Home prices in the U.K. grew by the fastest pace in almost five years due to an improved economic outlook and higher consumer confidence.
Home values increased 2.4 percent to an average Â£179,872 ($301,000) in February, marking the largest monthly increase since May 2009, Bloomberg reports, citing data from Halifax, a unit of Lloyds Banking Group Plc.
Compared to a year ago, prices increased 10 percent.
The housing market is reaping benefits from "the improved economic outlook, unemployment falling faster than expected, improvements in consumer confidence and low interest rates," Stephen Noakes, mortgages director at Halifax, said in a statement. "However, continuing pressures on household finances are expected to remain a constraint on the rate of growth of house prices."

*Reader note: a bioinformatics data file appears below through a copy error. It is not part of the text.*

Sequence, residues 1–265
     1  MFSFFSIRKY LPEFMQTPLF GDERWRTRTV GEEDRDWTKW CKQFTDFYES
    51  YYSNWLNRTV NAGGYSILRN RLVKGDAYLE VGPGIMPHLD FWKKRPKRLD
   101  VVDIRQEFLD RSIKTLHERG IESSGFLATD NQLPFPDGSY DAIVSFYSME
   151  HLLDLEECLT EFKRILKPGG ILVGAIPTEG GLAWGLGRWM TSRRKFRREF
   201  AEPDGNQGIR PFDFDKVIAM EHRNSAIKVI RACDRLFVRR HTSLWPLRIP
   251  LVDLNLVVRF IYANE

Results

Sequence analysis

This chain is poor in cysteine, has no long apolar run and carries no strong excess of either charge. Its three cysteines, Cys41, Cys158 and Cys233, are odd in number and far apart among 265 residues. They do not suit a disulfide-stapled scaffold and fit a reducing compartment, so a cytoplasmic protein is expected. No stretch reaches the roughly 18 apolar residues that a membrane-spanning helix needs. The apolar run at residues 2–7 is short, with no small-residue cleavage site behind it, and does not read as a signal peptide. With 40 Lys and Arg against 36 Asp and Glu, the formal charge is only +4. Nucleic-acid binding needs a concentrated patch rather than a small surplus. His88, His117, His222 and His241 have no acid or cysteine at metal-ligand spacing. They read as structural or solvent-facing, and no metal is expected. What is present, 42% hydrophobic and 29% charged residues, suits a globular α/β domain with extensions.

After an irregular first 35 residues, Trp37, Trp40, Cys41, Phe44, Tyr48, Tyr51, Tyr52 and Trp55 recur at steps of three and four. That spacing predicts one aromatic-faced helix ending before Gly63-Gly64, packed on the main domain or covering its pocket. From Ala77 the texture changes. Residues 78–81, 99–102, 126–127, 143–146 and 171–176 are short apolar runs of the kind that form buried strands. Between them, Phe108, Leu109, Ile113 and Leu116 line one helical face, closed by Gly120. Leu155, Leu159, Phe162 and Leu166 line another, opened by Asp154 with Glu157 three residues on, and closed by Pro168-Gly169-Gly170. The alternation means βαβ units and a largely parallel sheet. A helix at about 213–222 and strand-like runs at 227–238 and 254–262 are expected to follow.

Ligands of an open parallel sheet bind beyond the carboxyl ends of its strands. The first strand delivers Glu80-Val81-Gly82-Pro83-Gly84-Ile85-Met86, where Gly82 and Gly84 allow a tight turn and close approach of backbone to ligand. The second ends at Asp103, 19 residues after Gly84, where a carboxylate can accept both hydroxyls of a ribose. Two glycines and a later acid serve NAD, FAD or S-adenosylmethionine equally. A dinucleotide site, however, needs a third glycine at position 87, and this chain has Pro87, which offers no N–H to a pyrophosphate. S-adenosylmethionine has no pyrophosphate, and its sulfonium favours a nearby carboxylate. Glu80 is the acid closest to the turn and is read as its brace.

A recovery in the U.K.'s property market has been fueled by government incentives and record-low interest rates, creating concern of the market's fast recovery pace.
The report from Halifax shows home price increased 2.1 percent in the three months ending in February, compared to the previous quarter. Compared to a year ago, home values increased 7.9 percent during the same time period.
The Bank of England issued 76,947 home loans in January, increasing from 72,798 the previous month, Bloomberg reports.